We have a large Rhododendron bush in our yard, and it always blooms later than other flowering trees and bushes here. Now it’s time. It had rained during the night so when I walked by on the way to get the morning newspaper I saw my opportunity. Close up compositions with water droplets clearly visible was the way to go. I used my iPhone 7 Plus, with my favorite Photo App … Camera +. The Macro capability of that App is superb. As are all of its other features.
With hopeful expectation of soon to arrive warmer temperatures, I’ve been teased by such over the past few weeks, watching our flowers begin to bloom and brighten. But, today, it’s Winter again.
The good thing about this March snowfall is that it’s on the minimal side. And, as you can see here, it makes for a couple of nice photo compositions. There is always a bright side to everything … if you think about it.
We have several Forsythia bushes in our yard, and they are now blooming. It’s a fast change from bare limbs, to small, bright yellow flowers, to green leaves, and then it’s just a plain looking bush. But, for now, it’s worth a photo or two.
Also in our yard (as I’ve written about before) are lots of also quickly blooming Daffodils. Right now they are all yellow in color, but there are a few cream-colored variety as well … but not yet blooming.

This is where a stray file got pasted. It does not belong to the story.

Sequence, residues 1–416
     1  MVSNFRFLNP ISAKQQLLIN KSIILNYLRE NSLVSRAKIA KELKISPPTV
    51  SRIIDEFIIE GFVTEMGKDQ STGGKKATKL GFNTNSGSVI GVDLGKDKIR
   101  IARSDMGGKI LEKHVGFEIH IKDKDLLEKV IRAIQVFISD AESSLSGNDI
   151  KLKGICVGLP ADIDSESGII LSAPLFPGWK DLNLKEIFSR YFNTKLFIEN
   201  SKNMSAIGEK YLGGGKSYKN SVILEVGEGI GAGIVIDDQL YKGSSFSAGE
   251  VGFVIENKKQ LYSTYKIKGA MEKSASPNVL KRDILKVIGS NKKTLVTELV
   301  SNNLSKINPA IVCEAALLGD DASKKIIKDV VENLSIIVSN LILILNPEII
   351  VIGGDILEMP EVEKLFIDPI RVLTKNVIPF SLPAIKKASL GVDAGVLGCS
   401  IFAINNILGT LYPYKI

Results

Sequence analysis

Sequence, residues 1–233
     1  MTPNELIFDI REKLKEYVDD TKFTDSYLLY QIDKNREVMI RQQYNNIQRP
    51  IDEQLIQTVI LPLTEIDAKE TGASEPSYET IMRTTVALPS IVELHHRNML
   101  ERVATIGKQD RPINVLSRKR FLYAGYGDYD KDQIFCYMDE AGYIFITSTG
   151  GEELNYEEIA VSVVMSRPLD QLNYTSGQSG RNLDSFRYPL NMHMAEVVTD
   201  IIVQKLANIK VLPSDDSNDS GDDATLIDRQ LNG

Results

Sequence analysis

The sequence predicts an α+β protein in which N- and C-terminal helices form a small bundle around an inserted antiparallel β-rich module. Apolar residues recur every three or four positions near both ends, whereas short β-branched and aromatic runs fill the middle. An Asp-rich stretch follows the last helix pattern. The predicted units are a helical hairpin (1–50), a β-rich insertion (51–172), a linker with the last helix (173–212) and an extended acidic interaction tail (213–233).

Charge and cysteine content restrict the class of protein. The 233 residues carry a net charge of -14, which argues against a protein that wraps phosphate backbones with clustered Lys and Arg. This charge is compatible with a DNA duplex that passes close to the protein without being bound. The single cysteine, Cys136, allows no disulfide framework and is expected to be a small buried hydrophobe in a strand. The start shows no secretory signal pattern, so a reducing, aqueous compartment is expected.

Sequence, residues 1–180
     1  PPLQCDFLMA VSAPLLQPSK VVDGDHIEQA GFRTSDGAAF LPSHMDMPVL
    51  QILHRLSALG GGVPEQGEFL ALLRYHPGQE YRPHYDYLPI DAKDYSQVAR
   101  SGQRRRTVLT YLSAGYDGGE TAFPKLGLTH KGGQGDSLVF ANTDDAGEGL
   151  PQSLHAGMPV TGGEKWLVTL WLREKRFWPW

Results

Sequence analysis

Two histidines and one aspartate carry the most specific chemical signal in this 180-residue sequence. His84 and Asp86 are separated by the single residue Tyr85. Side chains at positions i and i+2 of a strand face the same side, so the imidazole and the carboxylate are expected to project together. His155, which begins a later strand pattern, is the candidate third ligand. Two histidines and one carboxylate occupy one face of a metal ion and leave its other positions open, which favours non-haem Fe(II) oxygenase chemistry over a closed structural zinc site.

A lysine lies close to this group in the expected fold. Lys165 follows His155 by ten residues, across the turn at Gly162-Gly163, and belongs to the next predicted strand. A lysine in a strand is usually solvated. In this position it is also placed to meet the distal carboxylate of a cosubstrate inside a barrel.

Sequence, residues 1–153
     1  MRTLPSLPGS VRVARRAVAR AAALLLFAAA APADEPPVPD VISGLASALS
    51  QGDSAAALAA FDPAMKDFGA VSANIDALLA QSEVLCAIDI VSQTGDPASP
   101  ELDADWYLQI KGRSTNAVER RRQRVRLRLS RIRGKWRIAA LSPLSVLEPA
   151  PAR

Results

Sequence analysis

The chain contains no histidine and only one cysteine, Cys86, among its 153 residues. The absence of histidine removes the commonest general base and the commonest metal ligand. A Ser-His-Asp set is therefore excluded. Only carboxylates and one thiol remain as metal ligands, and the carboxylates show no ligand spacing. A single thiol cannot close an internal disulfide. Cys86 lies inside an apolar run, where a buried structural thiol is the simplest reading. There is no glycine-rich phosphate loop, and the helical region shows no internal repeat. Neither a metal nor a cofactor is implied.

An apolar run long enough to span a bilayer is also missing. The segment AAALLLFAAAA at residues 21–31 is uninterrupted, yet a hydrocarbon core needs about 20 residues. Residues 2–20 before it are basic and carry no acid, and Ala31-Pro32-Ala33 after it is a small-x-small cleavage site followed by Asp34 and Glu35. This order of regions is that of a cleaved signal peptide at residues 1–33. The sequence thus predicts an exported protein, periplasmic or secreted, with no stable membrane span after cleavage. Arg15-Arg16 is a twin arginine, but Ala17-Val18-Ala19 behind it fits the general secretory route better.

Not to be outdone, trees (below) are beginning to “bud” but that process is much slower than with the flowers. The most important aspect of this, however, is it’s a sure sign that Spring is near. (Aside: Well, maybe not “that” near, since possible snow is predicted here this weekend.) Waiting in the wings, so to speak, are numerous Dogwood trees we are blessed with … all over our neighborhood. My camera is alert and waiting.
In sum, every year at this time I see a wonderful transformation in SW Virginia, from drab Winter vegetation and overcast skies, to a variety of gradually unfolding colors sparkling in warming sun, with blue sky and puffy white clouds overhead. This makes me thankful for what we have been given. To overlook it is … well … not wise.
These tulips in full bloom are certainly beautiful and as a group could be considered the center of attention in this image. However, when I saw them backed by a small body of water I positioned myself such that the tall-stemmed purple tulip stood out on the dark water. That single flower became the center of attention for my composition. The fact there were shadows of nearby trees reflected on the water made the image even better. You may want to keep this rule at hand when making your own photos…have a center of attention.